yaalon office 311.
(photo credit: Ariel Jerozolimski)
Economic motives could provide Israel with its best chance for establishing
positive relations with Egypt once the latter elects its new government, Deputy
Prime Minister Moshe Ya’alon said Tuesday.
“Egypt is struggling to feed
87 million people, and the economic challenge stands before whichever leader is
elected there,” he said. “Will this create an opportunity for the development of
economic relations with Israel? We need to find opportunities, because a change
in the situation can manufacture such opportunities that will influence our
security situation in the future.”
Ya’alon made his remarks during the
opening speech at a conference entitled “The Israeli economy in the shadow of
security threats,” which was hosted by Tel Aviv University’s Yuval Ne’eman
workshop for science, technology and security, headed by Prof. Yitzhak
Ya’alon also referred to the growing boycott, divestment and
sanctions efforts by Israel’s opponents, saying it was imperative that Israel
use all the tools at its disposal to fight the delegitimization campaign being
waged against it in international forums.
“I won’t delude myself that the
retraction [of claims that Israel targeted civilians during Operation Cast Lead
in 2009] by Judge [Richard] Goldstone will prevent those trying to harm us from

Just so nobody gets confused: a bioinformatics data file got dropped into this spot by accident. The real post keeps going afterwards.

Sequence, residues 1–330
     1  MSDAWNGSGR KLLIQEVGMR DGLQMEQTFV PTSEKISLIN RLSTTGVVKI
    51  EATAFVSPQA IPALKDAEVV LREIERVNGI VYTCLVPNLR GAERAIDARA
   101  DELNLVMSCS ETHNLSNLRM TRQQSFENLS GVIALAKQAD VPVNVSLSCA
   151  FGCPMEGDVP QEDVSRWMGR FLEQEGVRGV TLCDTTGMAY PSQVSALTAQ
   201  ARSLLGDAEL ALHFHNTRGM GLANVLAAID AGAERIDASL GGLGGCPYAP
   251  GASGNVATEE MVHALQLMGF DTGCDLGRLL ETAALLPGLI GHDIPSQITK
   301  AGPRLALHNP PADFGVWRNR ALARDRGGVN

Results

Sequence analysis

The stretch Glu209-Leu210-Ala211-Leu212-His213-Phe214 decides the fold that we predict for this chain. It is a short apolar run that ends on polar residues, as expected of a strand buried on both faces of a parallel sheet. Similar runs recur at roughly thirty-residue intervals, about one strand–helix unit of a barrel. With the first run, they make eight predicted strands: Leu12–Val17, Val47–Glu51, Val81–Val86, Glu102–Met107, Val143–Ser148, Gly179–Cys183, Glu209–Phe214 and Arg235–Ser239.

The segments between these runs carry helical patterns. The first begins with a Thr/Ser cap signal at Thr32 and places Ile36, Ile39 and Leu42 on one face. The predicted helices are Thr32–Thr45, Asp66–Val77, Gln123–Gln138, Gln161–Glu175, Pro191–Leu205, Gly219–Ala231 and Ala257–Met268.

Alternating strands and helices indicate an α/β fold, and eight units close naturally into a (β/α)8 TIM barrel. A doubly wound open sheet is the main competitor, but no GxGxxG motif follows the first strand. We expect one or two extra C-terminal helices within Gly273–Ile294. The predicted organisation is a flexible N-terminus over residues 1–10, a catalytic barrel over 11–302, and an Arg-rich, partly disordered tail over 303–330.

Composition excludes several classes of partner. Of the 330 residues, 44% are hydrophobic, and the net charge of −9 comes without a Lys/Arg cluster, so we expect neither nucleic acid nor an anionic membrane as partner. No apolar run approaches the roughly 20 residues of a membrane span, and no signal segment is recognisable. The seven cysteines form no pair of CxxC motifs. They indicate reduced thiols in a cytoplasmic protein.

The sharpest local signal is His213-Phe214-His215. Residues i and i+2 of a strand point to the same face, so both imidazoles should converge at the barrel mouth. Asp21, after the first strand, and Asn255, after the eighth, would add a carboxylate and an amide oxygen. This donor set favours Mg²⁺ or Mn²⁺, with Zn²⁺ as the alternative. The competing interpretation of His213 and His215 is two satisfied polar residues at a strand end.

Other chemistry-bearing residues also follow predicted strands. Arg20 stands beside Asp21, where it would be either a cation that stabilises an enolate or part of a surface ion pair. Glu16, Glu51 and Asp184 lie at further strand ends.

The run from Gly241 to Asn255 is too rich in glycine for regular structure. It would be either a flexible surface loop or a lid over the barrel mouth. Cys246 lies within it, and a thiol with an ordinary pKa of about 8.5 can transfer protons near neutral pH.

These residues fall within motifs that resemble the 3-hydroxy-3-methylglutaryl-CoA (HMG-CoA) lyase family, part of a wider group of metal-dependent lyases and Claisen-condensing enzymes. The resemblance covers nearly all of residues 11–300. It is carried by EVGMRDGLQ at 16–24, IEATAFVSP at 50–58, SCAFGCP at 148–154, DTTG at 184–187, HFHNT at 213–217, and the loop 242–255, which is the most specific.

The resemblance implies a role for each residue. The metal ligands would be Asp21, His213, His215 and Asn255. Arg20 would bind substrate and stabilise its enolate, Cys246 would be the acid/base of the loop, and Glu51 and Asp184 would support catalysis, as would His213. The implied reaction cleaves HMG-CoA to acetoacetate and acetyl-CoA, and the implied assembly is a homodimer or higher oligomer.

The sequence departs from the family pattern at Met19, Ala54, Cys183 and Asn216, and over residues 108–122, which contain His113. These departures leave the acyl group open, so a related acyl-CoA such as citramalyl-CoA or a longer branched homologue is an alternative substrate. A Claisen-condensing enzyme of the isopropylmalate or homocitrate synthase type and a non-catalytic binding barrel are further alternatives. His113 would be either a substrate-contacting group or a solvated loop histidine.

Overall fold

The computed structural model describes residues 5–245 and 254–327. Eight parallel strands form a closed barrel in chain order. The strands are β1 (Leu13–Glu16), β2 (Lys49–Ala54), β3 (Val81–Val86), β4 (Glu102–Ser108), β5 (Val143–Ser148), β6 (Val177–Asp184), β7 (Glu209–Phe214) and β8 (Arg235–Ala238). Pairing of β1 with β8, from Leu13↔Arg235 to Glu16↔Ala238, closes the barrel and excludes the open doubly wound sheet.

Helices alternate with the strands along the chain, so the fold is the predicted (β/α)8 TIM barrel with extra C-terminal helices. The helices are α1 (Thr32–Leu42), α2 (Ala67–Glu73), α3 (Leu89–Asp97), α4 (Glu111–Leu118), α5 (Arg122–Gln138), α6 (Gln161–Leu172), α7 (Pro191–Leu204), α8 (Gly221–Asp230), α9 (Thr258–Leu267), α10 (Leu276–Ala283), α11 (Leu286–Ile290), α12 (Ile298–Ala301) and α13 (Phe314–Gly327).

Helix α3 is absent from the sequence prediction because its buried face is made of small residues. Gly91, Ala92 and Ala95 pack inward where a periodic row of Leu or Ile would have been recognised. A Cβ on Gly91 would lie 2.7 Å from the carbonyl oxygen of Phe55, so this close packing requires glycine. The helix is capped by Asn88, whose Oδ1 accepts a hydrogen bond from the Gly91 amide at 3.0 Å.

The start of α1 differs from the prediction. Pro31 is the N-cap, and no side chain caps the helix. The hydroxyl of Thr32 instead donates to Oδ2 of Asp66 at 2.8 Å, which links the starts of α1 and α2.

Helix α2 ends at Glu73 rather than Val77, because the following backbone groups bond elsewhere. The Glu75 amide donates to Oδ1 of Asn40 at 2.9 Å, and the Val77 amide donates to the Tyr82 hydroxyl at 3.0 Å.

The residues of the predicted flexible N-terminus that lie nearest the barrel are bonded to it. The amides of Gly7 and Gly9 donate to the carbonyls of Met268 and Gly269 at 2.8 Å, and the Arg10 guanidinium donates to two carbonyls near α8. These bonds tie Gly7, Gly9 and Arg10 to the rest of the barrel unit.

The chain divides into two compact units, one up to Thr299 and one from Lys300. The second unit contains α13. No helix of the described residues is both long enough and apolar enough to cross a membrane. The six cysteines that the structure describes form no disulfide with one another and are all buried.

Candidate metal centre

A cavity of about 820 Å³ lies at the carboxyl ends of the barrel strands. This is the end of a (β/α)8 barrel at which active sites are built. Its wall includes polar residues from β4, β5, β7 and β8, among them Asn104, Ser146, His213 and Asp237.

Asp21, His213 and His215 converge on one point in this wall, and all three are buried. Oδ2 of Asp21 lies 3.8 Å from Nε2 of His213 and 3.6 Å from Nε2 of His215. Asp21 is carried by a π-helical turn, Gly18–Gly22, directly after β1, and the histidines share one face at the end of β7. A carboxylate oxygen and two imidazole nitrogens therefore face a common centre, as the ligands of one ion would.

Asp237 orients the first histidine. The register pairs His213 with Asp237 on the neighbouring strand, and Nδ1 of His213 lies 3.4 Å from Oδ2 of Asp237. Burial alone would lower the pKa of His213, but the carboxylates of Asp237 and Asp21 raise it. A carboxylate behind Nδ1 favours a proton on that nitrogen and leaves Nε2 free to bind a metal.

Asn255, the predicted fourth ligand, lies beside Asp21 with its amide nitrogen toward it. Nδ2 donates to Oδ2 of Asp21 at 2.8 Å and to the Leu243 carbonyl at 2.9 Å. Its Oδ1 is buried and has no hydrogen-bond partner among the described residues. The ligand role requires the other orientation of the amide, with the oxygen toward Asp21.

continuing to attack us through blood libels.” he said. “[Delegitimization] is a
sophisticated campaign based on lies, but to our misfortune it has been accepted
in the West.”
Kadima leader Tzipi Livni touched on the delegitimization
campaign when she made the closing speech at the conference, saying Israelis
could not afford to make themselves feel better by looking only at recent
positive data on economic growth and unemployment.
“We have to understand
the warning signs that are hanging on the wall, which tell us that the same
process of delegitimization, the same process of isolation, can turn very
quickly from economic isolation into security isolation,” she said.
of Israel Deputy Governor Zvi Eckstein, also speaking at the conference, said
economics textbooks show that a lack of certainty and the risk derived from
public feelings of personal insecurity can affect investment and therefore
damage long-term production.
The state has always faced a dilemma over
finding the right balance between the necessary defense expenditure and
maintaining economic growth, while simultaneously having to pay heed to public
sentiment about short- and long-term security, he said.
presented figures that indicated defense expenditure was relatively low in the
first two decades after Israel’s establishment, but it rose significantly after
the Six Day War in 1967, before peaking at about 35 percent of gross domestic
product just after the Yom Kippur War in 1973.
According to the data he
displayed, even after a gradual decrease in defense expenditure to its current
level of just under 7% of GDP, that expenditure still had a significant impact
on the level of public debt.
The conclusion to be drawn is that Israel’s
debt-insurance costs are very sensitive to changes in the geopolitical security
situation, Eckstein said.